EU countries and expat voting: united in diversity?

In a year of significant elections, this week has been particularly eventful in electoral terms, with the Turkish referendum, the surprise announcement of a UK general election, and the first round of voting for the next French president. In each country, overseas voting has made headlines, whether because of the contribution made by Turkish expats to the referendum result, the fact that the controversial 15-year limit on British non-residents’ right to vote will not be lifted in time for June 8, or the fear of cyber-attacks which means that French citizens overseas will not be able to vote online in legislative elections scheduled for mid-June.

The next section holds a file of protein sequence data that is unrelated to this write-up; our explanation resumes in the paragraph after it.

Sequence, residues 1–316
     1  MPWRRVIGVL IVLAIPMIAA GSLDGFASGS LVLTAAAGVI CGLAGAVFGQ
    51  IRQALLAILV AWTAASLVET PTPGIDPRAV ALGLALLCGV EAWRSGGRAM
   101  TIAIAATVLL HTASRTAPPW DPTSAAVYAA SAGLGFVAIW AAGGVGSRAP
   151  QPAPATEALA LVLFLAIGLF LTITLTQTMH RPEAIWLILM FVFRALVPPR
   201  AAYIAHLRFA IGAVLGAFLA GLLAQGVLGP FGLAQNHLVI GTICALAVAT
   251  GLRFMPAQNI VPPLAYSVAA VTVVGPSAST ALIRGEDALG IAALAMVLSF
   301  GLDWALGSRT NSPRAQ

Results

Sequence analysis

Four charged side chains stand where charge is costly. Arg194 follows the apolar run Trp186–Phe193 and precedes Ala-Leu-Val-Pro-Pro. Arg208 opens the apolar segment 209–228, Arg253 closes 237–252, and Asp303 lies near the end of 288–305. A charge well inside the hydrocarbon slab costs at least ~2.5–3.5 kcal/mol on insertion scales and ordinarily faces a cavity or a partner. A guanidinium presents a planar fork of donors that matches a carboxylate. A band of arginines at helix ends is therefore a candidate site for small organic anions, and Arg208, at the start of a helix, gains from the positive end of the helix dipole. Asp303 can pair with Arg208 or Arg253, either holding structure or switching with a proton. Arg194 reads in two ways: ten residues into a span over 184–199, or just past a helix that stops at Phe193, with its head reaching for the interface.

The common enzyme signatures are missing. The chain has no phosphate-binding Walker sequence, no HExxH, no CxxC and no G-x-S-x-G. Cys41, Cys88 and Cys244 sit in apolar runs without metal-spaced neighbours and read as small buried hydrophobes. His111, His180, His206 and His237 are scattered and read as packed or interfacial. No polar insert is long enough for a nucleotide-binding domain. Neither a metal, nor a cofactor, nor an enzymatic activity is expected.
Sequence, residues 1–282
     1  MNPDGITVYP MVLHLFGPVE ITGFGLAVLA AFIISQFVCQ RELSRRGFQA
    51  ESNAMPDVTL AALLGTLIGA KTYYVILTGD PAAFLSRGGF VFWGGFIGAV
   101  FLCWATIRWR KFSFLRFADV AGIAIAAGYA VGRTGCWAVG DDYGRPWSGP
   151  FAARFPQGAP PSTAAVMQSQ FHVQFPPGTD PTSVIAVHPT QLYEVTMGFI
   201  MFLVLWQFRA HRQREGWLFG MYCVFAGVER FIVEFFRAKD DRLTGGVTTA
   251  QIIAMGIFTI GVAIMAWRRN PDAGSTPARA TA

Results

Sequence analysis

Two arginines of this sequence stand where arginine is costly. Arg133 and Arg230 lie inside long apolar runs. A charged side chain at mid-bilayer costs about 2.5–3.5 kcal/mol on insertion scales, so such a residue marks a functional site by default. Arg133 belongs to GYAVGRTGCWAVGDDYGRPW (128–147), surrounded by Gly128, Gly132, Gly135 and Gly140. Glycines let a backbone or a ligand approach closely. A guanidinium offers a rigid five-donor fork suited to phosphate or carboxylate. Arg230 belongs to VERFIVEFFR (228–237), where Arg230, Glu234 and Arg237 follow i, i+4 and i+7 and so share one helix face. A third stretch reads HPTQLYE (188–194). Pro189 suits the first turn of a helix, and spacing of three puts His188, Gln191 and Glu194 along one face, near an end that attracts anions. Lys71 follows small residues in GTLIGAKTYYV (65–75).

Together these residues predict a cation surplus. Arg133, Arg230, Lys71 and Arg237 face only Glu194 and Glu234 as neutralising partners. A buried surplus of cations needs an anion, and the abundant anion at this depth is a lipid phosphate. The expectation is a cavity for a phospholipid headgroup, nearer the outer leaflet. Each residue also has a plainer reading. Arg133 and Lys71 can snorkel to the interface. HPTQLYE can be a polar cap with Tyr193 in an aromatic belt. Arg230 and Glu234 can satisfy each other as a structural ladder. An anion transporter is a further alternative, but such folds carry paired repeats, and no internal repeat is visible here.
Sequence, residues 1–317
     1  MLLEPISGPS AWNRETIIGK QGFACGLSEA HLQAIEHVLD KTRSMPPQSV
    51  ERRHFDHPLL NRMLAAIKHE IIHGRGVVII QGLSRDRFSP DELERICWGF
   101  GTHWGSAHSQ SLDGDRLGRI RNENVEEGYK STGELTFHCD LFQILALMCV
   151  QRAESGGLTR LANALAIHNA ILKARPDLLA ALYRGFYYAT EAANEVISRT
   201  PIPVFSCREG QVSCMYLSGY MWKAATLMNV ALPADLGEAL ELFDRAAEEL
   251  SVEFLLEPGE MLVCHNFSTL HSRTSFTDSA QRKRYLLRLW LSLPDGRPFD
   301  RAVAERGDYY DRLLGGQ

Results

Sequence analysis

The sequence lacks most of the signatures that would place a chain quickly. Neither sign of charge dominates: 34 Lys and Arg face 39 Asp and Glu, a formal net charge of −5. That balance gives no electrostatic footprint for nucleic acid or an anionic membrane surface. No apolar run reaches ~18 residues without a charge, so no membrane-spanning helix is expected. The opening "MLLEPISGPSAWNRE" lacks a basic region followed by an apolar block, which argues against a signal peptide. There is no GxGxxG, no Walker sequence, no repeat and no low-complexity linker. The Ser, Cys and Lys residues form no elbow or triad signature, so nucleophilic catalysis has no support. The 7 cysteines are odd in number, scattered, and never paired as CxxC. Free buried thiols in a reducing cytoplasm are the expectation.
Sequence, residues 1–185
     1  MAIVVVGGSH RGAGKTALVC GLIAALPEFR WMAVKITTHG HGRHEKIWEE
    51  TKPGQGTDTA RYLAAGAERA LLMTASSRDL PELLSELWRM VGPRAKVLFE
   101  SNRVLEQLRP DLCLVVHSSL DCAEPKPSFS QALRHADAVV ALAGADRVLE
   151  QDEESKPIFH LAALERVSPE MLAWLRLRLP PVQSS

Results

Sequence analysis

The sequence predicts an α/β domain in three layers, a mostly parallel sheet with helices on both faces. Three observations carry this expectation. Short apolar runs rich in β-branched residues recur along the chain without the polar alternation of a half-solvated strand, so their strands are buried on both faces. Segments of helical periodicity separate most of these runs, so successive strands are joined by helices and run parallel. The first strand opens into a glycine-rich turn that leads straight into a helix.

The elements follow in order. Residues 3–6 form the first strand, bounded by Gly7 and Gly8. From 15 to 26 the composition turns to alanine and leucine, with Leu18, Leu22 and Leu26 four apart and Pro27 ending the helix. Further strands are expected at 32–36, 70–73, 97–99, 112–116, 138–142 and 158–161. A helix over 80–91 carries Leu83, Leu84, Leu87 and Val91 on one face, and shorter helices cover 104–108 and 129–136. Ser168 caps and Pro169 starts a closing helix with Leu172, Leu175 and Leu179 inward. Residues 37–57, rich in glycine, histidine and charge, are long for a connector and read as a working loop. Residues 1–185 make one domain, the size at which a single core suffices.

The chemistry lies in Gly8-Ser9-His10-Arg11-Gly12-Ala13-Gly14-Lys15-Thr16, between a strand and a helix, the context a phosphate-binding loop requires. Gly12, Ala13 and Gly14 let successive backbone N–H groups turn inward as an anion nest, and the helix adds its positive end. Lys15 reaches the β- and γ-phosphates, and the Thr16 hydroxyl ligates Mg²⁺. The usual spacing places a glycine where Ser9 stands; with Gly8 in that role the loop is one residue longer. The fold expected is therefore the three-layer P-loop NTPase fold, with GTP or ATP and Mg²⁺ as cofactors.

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For people who live in democracies where they hold citizenship, voting is generally a fairly straightforward process (although there are exceptions). For long-term residents abroad (generally excluding those posted as diplomats or similar), it can be much more complicated. The UK is not the only country to limit the franchise for expatriates, although amongst current EU member states it is in a minority of five. Moreover, each country has its own ways of enabling expats to cast their ballots: the sheer diversity of this is impressive. I decided to look further into the different arrangements for overseas EU voters.

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